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  1. "Mastering Chess Strategy" - Hellsten
    Several games taken in chronological order from Hellsten's book on strategy "Mastering Chess Strategy" (2010).

    The idea here is to offer a potpourri of games from his book to illustrate the strategies he covers in much greater depth in the 489 pages.

    15 games, 1927-1998

  2. 125 Greatest Chess Games
    according to The Mammoth Book of The World's Greatest Chess Games, New Expanded Edition, by Graham Burgess, John Nunn, and John Emms.

    # above the game represents how many votes it gets by these 3 authors.

    In several games here, some opening move orders are slightly different from the book.

    125 games, 1834-2010

  3. 29p_PAWN endgames
    [taht iz whaen noh piezez R laeft]

    Pawn endings do not arise out of nowhere; we know of course that every pawn ending started out as an endgame with more pieces on the board....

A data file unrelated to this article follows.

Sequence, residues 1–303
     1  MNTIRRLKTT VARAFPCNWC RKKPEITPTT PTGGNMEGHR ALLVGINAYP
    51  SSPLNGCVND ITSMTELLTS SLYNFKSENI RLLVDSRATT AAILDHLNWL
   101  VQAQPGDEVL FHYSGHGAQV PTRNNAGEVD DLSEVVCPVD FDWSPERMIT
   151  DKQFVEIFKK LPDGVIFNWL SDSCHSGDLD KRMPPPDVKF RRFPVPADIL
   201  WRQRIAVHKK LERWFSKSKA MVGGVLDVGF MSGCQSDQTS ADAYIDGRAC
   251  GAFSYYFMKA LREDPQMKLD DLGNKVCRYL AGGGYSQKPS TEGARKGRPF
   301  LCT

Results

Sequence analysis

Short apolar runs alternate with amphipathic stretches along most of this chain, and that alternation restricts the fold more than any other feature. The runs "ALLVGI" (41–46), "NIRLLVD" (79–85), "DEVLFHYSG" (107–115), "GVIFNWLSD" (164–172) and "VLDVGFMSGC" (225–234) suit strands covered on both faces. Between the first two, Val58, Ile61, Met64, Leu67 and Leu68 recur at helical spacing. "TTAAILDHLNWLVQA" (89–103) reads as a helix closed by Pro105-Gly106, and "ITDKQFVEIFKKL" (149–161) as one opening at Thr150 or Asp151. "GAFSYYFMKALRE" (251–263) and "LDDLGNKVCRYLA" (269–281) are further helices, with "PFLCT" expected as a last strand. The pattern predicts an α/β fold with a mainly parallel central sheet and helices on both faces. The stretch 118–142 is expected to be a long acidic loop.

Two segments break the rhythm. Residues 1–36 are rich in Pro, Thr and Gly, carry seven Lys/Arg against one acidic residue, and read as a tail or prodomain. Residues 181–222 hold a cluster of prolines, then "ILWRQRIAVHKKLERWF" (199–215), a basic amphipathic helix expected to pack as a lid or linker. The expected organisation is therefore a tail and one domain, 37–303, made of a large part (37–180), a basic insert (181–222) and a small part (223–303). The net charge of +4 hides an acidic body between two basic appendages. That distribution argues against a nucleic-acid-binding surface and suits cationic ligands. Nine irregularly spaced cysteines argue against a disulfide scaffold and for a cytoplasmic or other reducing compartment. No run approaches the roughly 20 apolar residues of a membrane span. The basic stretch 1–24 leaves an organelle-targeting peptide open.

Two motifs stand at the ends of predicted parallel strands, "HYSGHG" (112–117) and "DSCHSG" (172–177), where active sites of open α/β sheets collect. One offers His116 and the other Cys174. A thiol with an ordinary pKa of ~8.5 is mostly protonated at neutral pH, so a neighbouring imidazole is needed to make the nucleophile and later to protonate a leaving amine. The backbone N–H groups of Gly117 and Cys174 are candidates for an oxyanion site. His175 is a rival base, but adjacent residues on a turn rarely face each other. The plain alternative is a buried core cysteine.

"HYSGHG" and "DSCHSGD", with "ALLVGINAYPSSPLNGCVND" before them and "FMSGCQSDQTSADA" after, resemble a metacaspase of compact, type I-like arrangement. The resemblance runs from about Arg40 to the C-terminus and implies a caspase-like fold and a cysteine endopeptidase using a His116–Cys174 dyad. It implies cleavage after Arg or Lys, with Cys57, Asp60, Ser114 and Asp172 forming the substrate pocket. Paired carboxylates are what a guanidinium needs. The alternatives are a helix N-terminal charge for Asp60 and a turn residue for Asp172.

The main concepts of king and pawn endings are well known, and will be summarized only briefly here:

    < 1. King activity. This is frequently critical in all sorts of endings, but never more so than when the kings are the only pieces remaining.

    < 2. Opposition. King opposition, both direct and distant, are key ideas in such endings. Triangulation, to lose a tempo and transfer the move to the opponent, is a standard technique.

    < 3. Outside passed pawns are often decisive, as are protected passed pawns. Such passed pawns often result from combinational breakthroughs.